Giovanni Paolo Panini (Piacenza 1691/2-1765 Rome)
Giovanni Paolo Panini (Piacenza 1691/2-1765 Rome)

View of Piazza del Popolo, Rome

Giovanni Paolo Panini (Piacenza 1691/2-1765 Rome)
View of Piazza del Popolo, Rome
signed with initials and indistinctly dated 'I.P.P. 17**' (on the stone lower right)
oil on canvas
34 x 53¾ in. (86.4 x 136.6 cm.)
with Alberto Castro, Rome.
with The Walpole Gallery, London.
with Whitfield Fine Art, London, 1996, where purchased by the late owner.
F. Arisi, Gian Paolo Panini, Piacenza, 1962, pp. 122-123, no. 45, fig. 77, as dating to 1721-25 (with incorrect dimensions 90 x 120 cm.). E.P. Bowron, 'A View of the Piazza del Popolo, Rome by Giovanni Paolo Panini', The Nelson Gallery and Atkins Museum Bulletin, V, January 1981, p. 48.
F. Arisi, Gian Paolo Panini e i fasti della Roma del'700, Rome, 1986, p. 300, no. 152 (with incorrect dimensions 90 x 120 cm.).
E.W. Rowlands, The Collections of the Nelson-Atkins Museum of Art - Italian Paintings 1300-1800, Kansas City, 1996, p. 410, under 'versions no. 3', as dating to 1738/41 (with incorrect dimensions 90 x 120 cm.).
London, Walpole Gallery, Treasures of Italian Art, 19 April-24 June 1988, no. 21.

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Lot Essay

The Piazza del Popolo served as the major ceremonial entrance to Rome for all visitors coming from the north. Seen here from a bird's eye view -- probably the top of Porta del Popolo -- Panini offers the viewer an excellent perspective on the unpaved piazza, the newly constructed twin churches of S. Maria di Montesanto and S. Maria de'Miracoli and the spectacular Roman horizon.

Panini's view of the 'modern' Piazza, reflects important planning and architectural innovations of the 16th and 17th centuries. Diagonal roadways on either side of the Via del Corso allowed additional access to Rome's historic heart -- to the right the Via Leonina (now via Ripetta) added under Leo X in 1518; to the left is Pope Clement VII's, Via Clementina (now Via del Babuino). In the latter decades of the 16th century more decorative enhancements were made, including a central fountain and the installation of an Egyptian obelisk from the Circus Maximus under Sixtus V in 1589.

Building activity abated for several decades until Pope Alexander VII commissioned the most dramatic alteration to date - the addition of Carlo Rainaldi's churches of S. Maria di Montesanto and S. Maria dei Miracoli, constructed between 1661 and 1671. Most notable among the residential buildings shown flanking the square is the walled garden of the Augustinian friars of Santa Maria del Popolo, at left. The curved walls of the Pincio on the east and west, so integral to the square today, were not added until the 19th century.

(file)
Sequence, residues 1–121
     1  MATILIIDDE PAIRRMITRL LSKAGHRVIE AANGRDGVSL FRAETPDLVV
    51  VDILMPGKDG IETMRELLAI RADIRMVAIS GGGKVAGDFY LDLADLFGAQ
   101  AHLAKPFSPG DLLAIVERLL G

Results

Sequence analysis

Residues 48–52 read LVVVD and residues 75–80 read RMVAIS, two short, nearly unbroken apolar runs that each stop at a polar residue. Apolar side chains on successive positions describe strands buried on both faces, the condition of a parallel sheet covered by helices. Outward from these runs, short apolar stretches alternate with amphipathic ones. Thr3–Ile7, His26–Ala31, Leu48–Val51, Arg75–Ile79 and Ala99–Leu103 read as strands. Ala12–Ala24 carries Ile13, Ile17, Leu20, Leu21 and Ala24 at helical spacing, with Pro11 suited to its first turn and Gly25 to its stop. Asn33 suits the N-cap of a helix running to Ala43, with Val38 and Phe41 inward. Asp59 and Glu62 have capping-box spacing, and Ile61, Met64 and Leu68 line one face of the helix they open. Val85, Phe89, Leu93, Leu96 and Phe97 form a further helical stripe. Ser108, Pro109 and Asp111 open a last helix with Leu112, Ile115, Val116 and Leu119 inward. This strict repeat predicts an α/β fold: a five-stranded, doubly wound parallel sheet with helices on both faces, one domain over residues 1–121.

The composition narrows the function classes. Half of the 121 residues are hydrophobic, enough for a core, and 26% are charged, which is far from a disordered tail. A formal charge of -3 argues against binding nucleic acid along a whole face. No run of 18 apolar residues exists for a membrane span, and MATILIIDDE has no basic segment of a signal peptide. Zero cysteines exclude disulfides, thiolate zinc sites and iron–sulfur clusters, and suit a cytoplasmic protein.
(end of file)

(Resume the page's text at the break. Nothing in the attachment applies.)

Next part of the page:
The warm light of the evening sky outlines the abundant churches and palazzi along the horizon. Sweeping left to right Panini shows the Villa Medici, the double-bell towers of SS. Trinità dei Monti; the campanile of S. Andrea delle Fratte and Palazzo del Quirinale are visible in the distance as are the towers and façade of Sant'Atanasio dei Greci. To the right of the gully created by the Via del Corso appear the domes of Il Gesù and the Pantheon, the arcaded tower of the Palazzo Palma and the domes of S. Carlo ai Catinari, Sant'Andrea della Valle and Sant'Agostino.

Panini's site specific views such as this, known as vedute presse dai luoghi, show the influence of Gaspar van Wittel, called Vanvitelli. Between 1680 and 1718 Vanvitelli produced sixteen views of Piazza del Popolo (seven in tempera and the rest in oil) which served as direct prototypes for Panini's compositions. The most closely related work is a gouache dated 1683 (fig. 1; see G. Briganti, Gaspar van Wittel, Rome, 1966, p. 165, no. 1), sharing precisely the same vantage point and lighting.

Eliot W. Rowlands and Edgar Peters Bowron have most recently catalogued four autograph versions by Panini of View of Piazza del Popolo (op. cit., pp. 406-412). They include: a small work in a private collection, New York, possibly a modello for the present painting, dating to circa 1738 (oil on canvas, 11 x 19 in.); a painting at Kenwood, London, dated 1738 (oil on canvas, 38 x 53 in.); the painting dated 1741 in The Nelson-Atkins Museum of Art, Kansas City (oil on canvas, 38 x 52 in.); and the present painting, which has until now been catalogued with incorrect dimensions (90 x 120 cm.) -- an error that Arisi acknowledged in correspondence with a former owner.

Arisi consistently dates the present painting to the mid-1720s, based in part on the omission of the Scalinata della Trinità dei Monti (or Spanish Steps), which not constructed until 1723-26. Rowlands and Bowron date the present view to after the construction of the Spanish Steps, circa 1738-41. They point out that this important topographical error was likely due to Panini's reliance on Vanvitelli's 1683 prototype.

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